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Is Conflict a Factor in a Population's Quality of Life? A Comparative Study of University Students in the Palestinian Territories and Jordan

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Date Issued:
2015
Abstract/Description:
As nearly one third of the world's population lives in an area that is in some way touched by war, researchers have long been interested in the varied impacts of conflict on civilians. Many indicators, measuring both physical and mental constructs, have been assessed in war-torn populations from around the world, one of which is health-related quality of life (HRQoL). The occupied Palestinian Territories (oPt) are one region in which copious research on health indicators has been undertaken in an effort to understand how long-term conflict manifests itself in noncombatant populations. However, existing studies focus primarily on indicators within the Palestinian population itself that impact HRQoL, and not on the extent to which the presence of the conflict and its consequences disturb physical and mental health outcomes compared to areas without conflict. The purpose of this study is to evaluate the impact of long-term conflict by comparing HRQoL in the oPt and the neighboring country of Jordan, as well as to assess how demographic factors such as socioeconomic status and household size can moderate or aggravate this impact. The potential mediating factors of insecurity and perceived stress will also be assessed. This study found that the presence of conflict was not the most significant predictor of low HRQoL. The mitigating factor of a traditional foundation of mental resilience in Palestinian culture is addressed as a potential explanation for this result. The implications of this study are wide-ranging, particularly in their ability to contribute to healthcare policy recommendations in war-affected areas, and to bolster our understanding of the health status and needs of those living in these areas.
Title: Is Conflict a Factor in a Population's Quality of Life? A Comparative Study of University Students in the Palestinian Territories and Jordan.
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Name(s): Asi, Yara, Author
Unruh, Lynn, Committee Chair
Ramirez, Bernardo, Committee Member
Liu, Albert/Xinliang, Committee Member
Sadri, Houman, Committee Member
University of Central Florida, Degree Grantor
Type of Resource: text
Date Issued: 2015
Publisher: University of Central Florida
Language(s): English
Abstract/Description: As nearly one third of the world's population lives in an area that is in some way touched by war, researchers have long been interested in the varied impacts of conflict on civilians. Many indicators, measuring both physical and mental constructs, have been assessed in war-torn populations from around the world, one of which is health-related quality of life (HRQoL). The occupied Palestinian Territories (oPt) are one region in which copious research on health indicators has been undertaken in an effort to understand how long-term conflict manifests itself in noncombatant populations. However, existing studies focus primarily on indicators within the Palestinian population itself that impact HRQoL, and not on the extent to which the presence of the conflict and its consequences disturb physical and mental health outcomes compared to areas without conflict. The purpose of this study is to evaluate the impact of long-term conflict by comparing HRQoL in the oPt and the neighboring country of Jordan, as well as to assess how demographic factors such as socioeconomic status and household size can moderate or aggravate this impact. The potential mediating factors of insecurity and perceived stress will also be assessed. This study found that the presence of conflict was not the most significant predictor of low HRQoL. The mitigating factor of a traditional foundation of mental resilience in Palestinian culture is addressed as a potential explanation for this result. The implications of this study are wide-ranging, particularly in their ability to contribute to healthcare policy recommendations in war-affected areas, and to bolster our understanding of the health status and needs of those living in these areas.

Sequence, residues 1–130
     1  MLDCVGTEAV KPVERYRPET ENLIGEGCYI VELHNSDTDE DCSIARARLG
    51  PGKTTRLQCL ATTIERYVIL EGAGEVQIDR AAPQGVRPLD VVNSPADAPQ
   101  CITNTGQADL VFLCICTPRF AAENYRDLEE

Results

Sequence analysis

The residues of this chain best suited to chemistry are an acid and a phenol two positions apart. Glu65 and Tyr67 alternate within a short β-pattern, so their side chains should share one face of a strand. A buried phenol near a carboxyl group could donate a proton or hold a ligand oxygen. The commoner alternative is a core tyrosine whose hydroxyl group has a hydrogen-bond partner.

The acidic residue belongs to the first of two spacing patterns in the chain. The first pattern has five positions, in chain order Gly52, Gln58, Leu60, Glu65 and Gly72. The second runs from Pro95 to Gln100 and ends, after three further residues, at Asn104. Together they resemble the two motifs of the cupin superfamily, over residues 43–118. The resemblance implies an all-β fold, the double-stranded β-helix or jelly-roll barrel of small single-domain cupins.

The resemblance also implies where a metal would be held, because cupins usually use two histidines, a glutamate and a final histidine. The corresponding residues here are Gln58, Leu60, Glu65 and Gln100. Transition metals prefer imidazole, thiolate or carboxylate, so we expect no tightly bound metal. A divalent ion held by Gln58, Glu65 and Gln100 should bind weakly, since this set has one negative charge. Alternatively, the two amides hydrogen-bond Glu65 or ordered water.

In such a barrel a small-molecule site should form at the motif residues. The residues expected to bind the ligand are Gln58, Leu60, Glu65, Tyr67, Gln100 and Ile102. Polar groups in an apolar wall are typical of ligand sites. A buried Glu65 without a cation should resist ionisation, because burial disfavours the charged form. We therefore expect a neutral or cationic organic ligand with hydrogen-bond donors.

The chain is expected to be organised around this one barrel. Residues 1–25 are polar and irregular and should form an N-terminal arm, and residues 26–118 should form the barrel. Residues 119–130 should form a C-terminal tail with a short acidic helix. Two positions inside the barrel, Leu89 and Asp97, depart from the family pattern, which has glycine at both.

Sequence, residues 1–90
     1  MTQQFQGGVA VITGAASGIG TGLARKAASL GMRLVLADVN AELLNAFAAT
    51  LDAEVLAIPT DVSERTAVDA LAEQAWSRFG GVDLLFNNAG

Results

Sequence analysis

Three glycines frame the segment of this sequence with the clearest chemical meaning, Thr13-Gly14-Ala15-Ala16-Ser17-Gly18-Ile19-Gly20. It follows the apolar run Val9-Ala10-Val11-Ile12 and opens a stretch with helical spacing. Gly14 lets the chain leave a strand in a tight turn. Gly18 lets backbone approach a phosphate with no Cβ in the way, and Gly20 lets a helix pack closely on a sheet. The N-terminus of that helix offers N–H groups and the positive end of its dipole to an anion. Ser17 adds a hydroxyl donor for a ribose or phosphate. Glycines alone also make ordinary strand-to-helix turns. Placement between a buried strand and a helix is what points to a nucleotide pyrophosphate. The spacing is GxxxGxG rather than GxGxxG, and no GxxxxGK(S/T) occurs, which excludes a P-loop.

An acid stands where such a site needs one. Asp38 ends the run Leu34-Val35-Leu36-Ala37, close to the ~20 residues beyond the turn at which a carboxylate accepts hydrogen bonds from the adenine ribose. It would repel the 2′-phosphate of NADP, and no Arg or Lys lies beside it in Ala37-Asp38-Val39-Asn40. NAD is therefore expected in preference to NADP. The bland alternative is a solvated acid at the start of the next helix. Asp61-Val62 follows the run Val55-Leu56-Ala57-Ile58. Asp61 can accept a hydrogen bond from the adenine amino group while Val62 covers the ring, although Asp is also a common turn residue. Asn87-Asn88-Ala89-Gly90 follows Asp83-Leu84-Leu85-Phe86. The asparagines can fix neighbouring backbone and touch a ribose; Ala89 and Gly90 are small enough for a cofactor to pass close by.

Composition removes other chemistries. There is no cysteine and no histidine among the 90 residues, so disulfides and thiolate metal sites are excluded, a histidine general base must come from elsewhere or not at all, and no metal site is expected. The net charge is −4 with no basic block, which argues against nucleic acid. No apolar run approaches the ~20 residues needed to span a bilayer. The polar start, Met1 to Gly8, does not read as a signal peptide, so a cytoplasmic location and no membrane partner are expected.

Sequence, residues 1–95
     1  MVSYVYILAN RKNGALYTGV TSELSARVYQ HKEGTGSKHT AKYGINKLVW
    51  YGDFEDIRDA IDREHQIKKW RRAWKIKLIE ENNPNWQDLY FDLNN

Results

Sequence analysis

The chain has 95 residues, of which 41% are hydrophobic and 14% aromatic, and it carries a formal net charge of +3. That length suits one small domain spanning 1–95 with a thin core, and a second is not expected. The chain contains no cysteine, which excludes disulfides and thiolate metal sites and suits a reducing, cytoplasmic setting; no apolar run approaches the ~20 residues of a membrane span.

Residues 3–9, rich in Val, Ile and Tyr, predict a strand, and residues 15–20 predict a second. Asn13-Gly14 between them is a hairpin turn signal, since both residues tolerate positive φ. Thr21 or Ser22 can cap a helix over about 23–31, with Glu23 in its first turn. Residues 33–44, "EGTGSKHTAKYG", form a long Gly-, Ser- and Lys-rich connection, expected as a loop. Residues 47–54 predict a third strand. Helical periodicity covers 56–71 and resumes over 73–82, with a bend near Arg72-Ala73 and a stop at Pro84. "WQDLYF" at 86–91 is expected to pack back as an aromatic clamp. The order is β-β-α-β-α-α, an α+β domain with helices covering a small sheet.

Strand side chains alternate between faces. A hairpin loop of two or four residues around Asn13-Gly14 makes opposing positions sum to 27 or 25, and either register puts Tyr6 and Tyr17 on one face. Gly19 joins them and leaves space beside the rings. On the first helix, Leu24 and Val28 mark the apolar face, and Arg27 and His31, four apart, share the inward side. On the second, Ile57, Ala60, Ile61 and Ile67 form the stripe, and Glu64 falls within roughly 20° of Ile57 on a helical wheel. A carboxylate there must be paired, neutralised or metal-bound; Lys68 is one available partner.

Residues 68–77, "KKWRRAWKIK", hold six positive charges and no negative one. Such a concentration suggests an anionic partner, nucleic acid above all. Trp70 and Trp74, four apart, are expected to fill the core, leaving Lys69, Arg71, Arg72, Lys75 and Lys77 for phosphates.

Identifier: CFE0005574 (IID), ucf:50233 (fedora)
Note(s): 2015-05-01
Ph.D.
Health and Public Affairs, Dean's Office COHPA
Doctoral
This record was generated from author submitted information.
Subject(s): quality of life -- conflict -- war -- stress -- insecurity -- West Bank -- Jordan -- SF-36 -- resilience -- health
Persistent Link to This Record: http://purl.flvc.org/ucf/fd/CFE0005574
Restrictions on Access: public 2015-05-15
Host Institution: UCF

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